Although McCombs wasn’t teaching blockchain when he was a student, Randall Crowder, MBA ’10, credits the school with preparing him for his latest job: launching a cryptocurrency for Phunware, an Austin mobile app developer.

While in school, Crowder ran the Central Texas Angel Network and started his own venture capital fund. He has since invested in 54 companies, and one of the first was Phunware.

It was several years later when Crowder heard a rideshare driver talking about bitcoin that he had an “aha” moment. “When I see mainstream America talking about it, I know it’s reaching a tipping point,” he says.

Crowder opened an online community called Crypto Watch and later joined Phunware as chief operations officer. He calls himself the “chief crypto zealot.”

His PhunCoin will challenge Facebook and Google by giving companies a way to pay consumers for their personal data. Once someone’s information is on a blockchain, they can choose who is allowed to see it. “We’re using your data, but we want to compensate you for using it and give you control over what you share and when you share it,” Crowder says.

Making a Ripple

A more recent alumnus linked McCombs with Ripple, a company that uses blockchain technology to provide real-time international currency transfers. Marcos Fernandez, MBA ’16, met several blockchain startup leaders while co-founding a speaker series called TEX Talks. After graduation, as a product marketing manager at Ripple, he stayed in touch. When he heard his alma mater was planning a blockchain conference, he made sure the company had someone there.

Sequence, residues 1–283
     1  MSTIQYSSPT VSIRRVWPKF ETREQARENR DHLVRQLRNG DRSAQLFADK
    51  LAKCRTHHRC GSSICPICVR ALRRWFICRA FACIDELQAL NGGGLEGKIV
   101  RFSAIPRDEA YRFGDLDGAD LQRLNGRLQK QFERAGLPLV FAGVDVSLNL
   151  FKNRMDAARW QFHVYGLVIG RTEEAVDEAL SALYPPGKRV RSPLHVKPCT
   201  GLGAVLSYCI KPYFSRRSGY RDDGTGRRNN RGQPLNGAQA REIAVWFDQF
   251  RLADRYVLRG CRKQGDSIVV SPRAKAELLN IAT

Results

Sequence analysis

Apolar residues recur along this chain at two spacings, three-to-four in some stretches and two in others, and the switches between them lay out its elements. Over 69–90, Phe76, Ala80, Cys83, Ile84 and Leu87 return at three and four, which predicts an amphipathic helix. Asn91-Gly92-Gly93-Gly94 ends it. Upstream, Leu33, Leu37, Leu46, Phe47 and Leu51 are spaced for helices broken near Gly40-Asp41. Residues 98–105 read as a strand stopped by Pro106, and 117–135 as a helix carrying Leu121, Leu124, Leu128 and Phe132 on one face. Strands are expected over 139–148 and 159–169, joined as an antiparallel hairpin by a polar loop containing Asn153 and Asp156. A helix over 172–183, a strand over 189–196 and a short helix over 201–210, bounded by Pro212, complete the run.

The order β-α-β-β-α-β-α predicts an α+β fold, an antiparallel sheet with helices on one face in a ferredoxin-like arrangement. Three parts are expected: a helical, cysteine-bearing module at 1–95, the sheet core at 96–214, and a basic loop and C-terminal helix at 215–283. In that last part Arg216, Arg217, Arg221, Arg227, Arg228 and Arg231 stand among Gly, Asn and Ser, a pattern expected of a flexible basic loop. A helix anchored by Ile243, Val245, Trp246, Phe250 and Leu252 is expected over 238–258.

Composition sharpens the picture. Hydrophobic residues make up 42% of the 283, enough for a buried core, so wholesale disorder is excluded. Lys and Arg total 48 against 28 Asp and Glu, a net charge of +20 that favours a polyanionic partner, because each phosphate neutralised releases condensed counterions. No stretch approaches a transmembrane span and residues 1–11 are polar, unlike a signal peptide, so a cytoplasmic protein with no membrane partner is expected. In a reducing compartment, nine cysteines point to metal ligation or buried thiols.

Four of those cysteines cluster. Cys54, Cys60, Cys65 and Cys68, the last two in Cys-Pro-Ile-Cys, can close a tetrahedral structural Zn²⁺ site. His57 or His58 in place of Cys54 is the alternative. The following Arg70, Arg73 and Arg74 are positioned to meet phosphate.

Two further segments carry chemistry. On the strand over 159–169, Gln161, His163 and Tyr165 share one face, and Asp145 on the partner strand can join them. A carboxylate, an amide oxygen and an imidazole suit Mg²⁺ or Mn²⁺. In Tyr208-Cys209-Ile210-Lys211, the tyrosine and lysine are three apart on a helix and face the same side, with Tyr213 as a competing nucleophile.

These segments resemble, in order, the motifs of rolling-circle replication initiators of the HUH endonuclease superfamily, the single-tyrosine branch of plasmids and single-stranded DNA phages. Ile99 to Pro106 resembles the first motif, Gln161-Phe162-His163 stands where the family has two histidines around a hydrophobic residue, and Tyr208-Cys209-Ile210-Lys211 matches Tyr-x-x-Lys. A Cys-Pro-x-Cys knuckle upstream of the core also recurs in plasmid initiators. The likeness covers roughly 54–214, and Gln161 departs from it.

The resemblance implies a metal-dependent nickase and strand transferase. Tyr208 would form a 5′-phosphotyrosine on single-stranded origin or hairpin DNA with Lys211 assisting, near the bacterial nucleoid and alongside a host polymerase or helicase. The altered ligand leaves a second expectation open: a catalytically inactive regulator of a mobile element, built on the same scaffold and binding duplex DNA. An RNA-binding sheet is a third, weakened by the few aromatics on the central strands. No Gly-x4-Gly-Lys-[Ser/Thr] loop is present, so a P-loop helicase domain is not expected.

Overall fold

He also introduced Fracassi to Eric van Miltenburg, Ripple’s senior vice president of global operations, who was overseeing $50 million in research grants to universities.

“Fernandez said we needed to talk to McCombs,” van Miltenburg says. “They were doing interesting things around blockchain.” By June, McCombs and 16 other institutions, including Wharton, Berkeley, and MIT, were named as recipients.

The $2 million grant has no strings attached, but the school will host a computer server for XRP, a cryptocurrency Ripple uses to speed payments across borders. Other servers in XRP’s network will help to validate transactions before adding them to the blockchain.

More broadly, says van Miltenburg, “We’d like to form a lasting relationship with McCombs and UT Austin. We hope to develop a positive reputation on campus that could lead to a recruiting pipeline.”

Next Blocks in the Chain